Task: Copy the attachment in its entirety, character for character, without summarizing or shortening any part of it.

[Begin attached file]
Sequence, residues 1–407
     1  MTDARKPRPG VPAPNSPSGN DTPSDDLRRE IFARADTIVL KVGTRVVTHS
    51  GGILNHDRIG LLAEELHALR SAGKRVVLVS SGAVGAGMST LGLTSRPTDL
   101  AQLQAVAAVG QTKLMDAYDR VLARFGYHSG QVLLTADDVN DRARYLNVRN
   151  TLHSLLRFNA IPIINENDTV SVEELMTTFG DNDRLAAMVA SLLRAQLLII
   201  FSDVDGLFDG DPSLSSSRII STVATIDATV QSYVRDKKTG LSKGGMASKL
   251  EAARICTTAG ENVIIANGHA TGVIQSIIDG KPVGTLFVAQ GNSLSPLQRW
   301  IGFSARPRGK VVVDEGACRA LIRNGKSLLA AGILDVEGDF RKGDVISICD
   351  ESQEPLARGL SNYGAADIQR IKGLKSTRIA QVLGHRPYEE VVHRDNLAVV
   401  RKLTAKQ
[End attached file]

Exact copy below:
Sequence, residues 1–407
     1  MTDARKPRPG VPAPNSPSGN DTPSDDLRRE IFARADTIVL KVGTRVVTHS
    51  GGILNHDRIG LLAEELHALR SAGKRVVLVS SGAVGAGMST LGLTSRPTDL
   101  AQLQAVAAVG QTKLMDAYDR VLARFGYHSG QVLLTADDVN DRARYLNVRN
   151  TLHSLLRFNA IPIINENDTV SVEELMTTFG DNDRLAAMVA SLLRAQLLII
   201  FSDVDGLFDG DPSLSSSRII STVATIDATV QSYVRDKKTG LSKGGMASKL
   251  EAARICTTAG ENVIIANGHA TGVIQSIIDG KPVGTLFVAQ GNSLSPLQRW
   301  IGFSARPRGK VVVDEGACRA LIRNGKSLLA AGILDVEGDF RKGDVISICD
   351  ESQEPLARGL SNYGAADIQR IKGLKSTRIA QVLGHRPYEE VVHRDNLAVV
   401  RKLTAKQ